MAY 08, 2019 11:38 AM PDT

Promising treatment for severe dry eye disease

WRITTEN BY: Nouran Amin

In a study published in Translational Vision Science and Technology, a phase I/II clinical trial involving a novel enzyme-based treatment for severe dry eye disease has showed significant improvement in reduced signs of the disease along with a reduction in discomfort.

Normally, enzymes present in tears chop up and clear DNA and other debris on the cornea, but in patients with dry eye disease, there is not enough DNase to clear the material.

The clinical study compared eye drops containing a biosynthetic form of an enzyme called DNase—which breaks up nucleic acid-based material on eye surfaces--with eye drops did not include the DNase enzyme.

"Participants in the trial who used the drops with DNase reported less eye discomfort and their corneas were healthier," said Dr. Sandeep Jain, professor of ophthalmology and visual sciences in the University of Illinois at Chicago College of Medicine and principal investigator of the clinical trial.

For patients with dry eye disease, there is not enough natural DNase enzyme present in their tears to clear the debris that accumulates on the cornea--the transparent outer layer of the eye. The disease is characterized by a dysregulation of tear production and inflammation of the cornea—which can lead to eye pain that is often disabling.

"In dry eye disease, several things happen," Jain explained. "There is an increase in the number of white blood cells called neutrophils that gather on the surface of the eye. Neutrophils release DNA which forms webs on the cornea called neutrophil extracellular traps, which cause inflammation of the ocular surface and attract additional neutrophils in a vicious cycle."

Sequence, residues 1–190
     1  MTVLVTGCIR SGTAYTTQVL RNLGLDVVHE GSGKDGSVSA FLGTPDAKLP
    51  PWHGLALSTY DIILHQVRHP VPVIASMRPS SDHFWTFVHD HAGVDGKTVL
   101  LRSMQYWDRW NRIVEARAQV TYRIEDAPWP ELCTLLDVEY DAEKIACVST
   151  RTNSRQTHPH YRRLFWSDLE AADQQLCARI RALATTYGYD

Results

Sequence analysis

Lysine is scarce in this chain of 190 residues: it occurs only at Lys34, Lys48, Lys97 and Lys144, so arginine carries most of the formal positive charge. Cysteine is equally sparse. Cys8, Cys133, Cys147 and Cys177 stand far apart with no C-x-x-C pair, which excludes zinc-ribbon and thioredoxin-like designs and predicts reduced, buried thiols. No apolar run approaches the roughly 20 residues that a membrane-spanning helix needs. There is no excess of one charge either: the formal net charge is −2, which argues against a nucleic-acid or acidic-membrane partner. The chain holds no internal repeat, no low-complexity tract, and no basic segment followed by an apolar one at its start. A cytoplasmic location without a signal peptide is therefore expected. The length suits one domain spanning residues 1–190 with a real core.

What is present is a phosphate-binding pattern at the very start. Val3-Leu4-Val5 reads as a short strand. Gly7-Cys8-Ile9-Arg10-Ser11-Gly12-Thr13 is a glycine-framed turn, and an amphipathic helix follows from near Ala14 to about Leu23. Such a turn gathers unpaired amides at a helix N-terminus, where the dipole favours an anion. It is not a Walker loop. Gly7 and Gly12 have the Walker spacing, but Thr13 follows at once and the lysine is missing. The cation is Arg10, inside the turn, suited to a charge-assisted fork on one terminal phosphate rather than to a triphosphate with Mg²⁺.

Learn more about dry eye disease:

"The data from this early clinical trial suggests that DNase eye drops may be safe and effective for treating severe dry eye, and we look forward to conducting larger randomized trials to definitively prove its efficacy," Jain said.

DNase is currently approved by the U.S. Food and Drug Administration for the treatment of cystic fibrosis and considered experimental for treating dry eye disease.

"The burden of severe dry eye is much greater than just having an occasional feeling of dryness," Jain said. "It can severely compromise quality of life to the point of disability and can compromise a person's vision. There are currently only two approved drugs to treat dry eye, and they don't work for everyone, especially those with severe disease, so having a new drug that can treat the disease is very important."

Source: University of Illinois at Chicago

About the Author
BS/MS
Nouran is a scientist, educator, and life-long learner with a passion for making science more communicable. When not busy in the lab isolating blood macrophages, she enjoys writing on various STEM topics.
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